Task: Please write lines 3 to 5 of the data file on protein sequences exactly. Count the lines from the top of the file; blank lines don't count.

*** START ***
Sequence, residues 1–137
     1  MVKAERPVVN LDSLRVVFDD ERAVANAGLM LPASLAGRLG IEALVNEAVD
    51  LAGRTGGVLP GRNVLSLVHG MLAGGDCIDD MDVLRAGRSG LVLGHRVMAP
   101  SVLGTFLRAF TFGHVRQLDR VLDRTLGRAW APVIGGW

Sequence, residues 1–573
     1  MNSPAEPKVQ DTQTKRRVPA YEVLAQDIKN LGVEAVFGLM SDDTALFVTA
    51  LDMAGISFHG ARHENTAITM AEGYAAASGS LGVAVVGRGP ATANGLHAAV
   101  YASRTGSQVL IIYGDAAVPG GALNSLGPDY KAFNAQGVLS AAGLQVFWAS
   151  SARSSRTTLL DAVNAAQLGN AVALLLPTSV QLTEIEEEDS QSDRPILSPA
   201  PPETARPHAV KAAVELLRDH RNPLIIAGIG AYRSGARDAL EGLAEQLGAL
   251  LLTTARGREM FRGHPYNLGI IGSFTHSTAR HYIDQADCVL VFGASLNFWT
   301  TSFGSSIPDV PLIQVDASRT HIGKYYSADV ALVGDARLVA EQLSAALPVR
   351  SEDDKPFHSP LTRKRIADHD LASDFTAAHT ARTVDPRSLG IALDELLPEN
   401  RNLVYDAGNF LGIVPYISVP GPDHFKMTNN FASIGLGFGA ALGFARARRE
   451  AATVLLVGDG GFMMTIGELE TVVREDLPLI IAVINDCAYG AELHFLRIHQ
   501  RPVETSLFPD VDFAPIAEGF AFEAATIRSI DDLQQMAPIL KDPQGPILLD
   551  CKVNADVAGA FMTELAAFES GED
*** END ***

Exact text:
    51  LAGRTGGVLP GRNVLSLVHG MLAGGDCIDD MDVLRAGRSG LVLGHRVMAP
   101  SVLGTFLRAF TFGHVRQLDR VLDRTLGRAW APVIGGW

Sequence, residues 1–573